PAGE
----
This week, City Council has approved a budget with a residential tax increase of 2.23%. Part of this increase (.5%) is to cover part of the costs of the Scarborough subway. This rate does not include an additional .5% cost to cover the provincially mandated reduction of commercial property taxes and provincial education tax which effectively cancel each other out.
Overall, I am pleased that Council was able to keep the increase low despite huge costs associated with July’s rain storm and December’s ice storm. It is worth noting also that councillors from all parts of the city worked together to create a budget which received almost unanimous approval.
In the end, the only very contentious issue was the .5% for the subway, the first installment on a 1.6% increase that will last for 30 years. A motion to remove the funding, which I supported, lost 22-23. In addition to the serious reservations I have previously expressed about the value of this subway, I believe it should not be funded by a 30-year $1 billion debt on the property tax.
I believe that city debt is approaching dangerous levels and that the repayment costs will reduce our ability to deal with urgent priorities such as reducing overcrowding on the Yonge subway line.
Please note that the 2.23% increase is the amount of the increase in the city’s mill rate. The year-to-year change on individual properties is also affected by the phased in Market Value Assessment. This system, introduced by the provincial government many years ago, taxes properties according to what they might sell for. Because of high property values in Willowdale, this system unfairly (in my opinion) causes residents in our area to pay more for city services than residents receiving similar services in other parts of the city where property values are less.
Important Local Funding in the 2014 City Budget
401/Yonge Interchange – As announced last month, the City has budgeted 50% of the building costs of a new interchange at Yonge & 401, a project which would have the single largest impact on local traffic issues. The money is earmarked for construction starting in 2016, but still requires the Province to step up and match the City’s commitment to this project. More information on this project is available on my website.
Increased funding for TTC service – Willowdale residents that pack their way onto local buses and subway cars are well aware of the dire need to increase TTC funding. This budget will see an additional $12-million invested to address growth needs as well as $6.3-billion over the next 10 years to repair and replace critical infrastructure.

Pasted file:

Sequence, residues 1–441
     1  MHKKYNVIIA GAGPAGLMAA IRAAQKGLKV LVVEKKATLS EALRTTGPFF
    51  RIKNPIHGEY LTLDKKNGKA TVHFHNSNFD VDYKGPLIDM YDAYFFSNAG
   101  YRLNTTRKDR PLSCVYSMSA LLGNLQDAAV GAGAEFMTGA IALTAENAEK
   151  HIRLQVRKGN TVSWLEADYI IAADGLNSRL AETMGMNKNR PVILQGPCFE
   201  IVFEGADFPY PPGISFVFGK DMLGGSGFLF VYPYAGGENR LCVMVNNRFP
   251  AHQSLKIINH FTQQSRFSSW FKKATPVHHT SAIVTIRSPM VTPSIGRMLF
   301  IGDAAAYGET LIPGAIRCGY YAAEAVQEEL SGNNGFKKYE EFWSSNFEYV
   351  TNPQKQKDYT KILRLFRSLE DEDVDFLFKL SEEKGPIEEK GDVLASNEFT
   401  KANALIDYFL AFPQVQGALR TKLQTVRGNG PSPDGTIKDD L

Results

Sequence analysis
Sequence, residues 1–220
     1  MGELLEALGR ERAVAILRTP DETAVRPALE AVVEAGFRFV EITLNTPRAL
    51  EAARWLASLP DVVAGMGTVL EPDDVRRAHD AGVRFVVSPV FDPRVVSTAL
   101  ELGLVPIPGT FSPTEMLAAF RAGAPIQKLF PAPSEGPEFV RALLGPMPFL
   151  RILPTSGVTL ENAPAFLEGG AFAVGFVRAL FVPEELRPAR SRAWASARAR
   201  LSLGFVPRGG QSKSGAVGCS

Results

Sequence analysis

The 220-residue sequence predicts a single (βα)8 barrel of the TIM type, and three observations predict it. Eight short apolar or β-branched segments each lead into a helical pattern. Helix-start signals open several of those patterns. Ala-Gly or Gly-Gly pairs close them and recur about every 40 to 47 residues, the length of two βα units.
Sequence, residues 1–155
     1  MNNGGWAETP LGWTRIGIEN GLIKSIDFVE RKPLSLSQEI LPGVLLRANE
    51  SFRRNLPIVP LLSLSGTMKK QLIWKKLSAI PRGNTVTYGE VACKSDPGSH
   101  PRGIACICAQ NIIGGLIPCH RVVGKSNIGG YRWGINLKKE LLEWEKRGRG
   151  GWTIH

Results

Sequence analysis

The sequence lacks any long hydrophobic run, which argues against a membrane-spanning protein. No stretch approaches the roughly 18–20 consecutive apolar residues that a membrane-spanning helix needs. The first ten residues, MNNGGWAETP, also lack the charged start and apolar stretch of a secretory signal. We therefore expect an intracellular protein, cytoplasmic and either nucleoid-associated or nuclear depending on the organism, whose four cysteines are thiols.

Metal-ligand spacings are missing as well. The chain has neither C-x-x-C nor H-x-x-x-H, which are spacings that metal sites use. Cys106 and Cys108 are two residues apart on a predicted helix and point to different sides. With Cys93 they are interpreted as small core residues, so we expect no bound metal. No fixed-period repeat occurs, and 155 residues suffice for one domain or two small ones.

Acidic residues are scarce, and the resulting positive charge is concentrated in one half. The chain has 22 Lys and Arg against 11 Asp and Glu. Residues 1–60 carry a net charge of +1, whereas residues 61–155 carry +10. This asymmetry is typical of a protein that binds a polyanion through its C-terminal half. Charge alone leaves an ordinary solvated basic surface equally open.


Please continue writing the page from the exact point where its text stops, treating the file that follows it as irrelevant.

Expanded Hours for Students at North York Central Library – Part of the expansion of hours at the Toronto Public Library will include an After Hours Study Hall enabling TPL to offer study space until midnight, Sunday to Thursday, at the North York Central Library as part of a six month pilot running from April to June and then from September to December.
Toronto Centre for the Arts – Funds have been approved to reconfigure the Centre’s underused main stage into two smaller theatres. There is a demand, particularly by theatrical groups, for theatres with a capacity of 300 to 600 patrons. The renovations will provide the Centre with an opportunity to bring in more revenue while providing area residents with a much larger selection of professional productions.
Increased supports of Arts & Culture – The City will step up its funding for arts and cultural organizations across the City, including North York Arts, an organization I helped establish. North York Arts works with me on the summer Cultura festival and other local arts projects.
Expansion of the Student Nutrition Program – Support for this very successful program has been expanded, ensuring that more schools are able to have breakfast programs to feed hungry children. Support for these programs is also provided by the provincial government, the Toronto District School Board, parents, and individual and corporate donations.
Getting Our Fair Share of Development Charges
Although I would gladly trade the money the City collects from developers in exchange for less development in the area, I believe it is essential that our community get its fair share of the money collected from developers through development charges. This year’s budget includes some major local projects paid for entirely by developers.
New Arts Park – As announced last year, I am working on the creation of a new city park with an arts theme, just east of Doris Ave. between Hillcrest and Princess avenues. If you are interested in getting involved in this project, please contact me. More information on this project is also available on my website.
New Child Care Centre at Avondale School – The city’s approved budget now includes $3.9 million in funding for a new child care centre to be connected with a new Avondale school being built by the Toronto District School Board. The funding comes entirely from developers. In the coming months we will be seeking community involvement in the needs assessment and design of this facility. If you are interested in getting involved in this project, please contact me.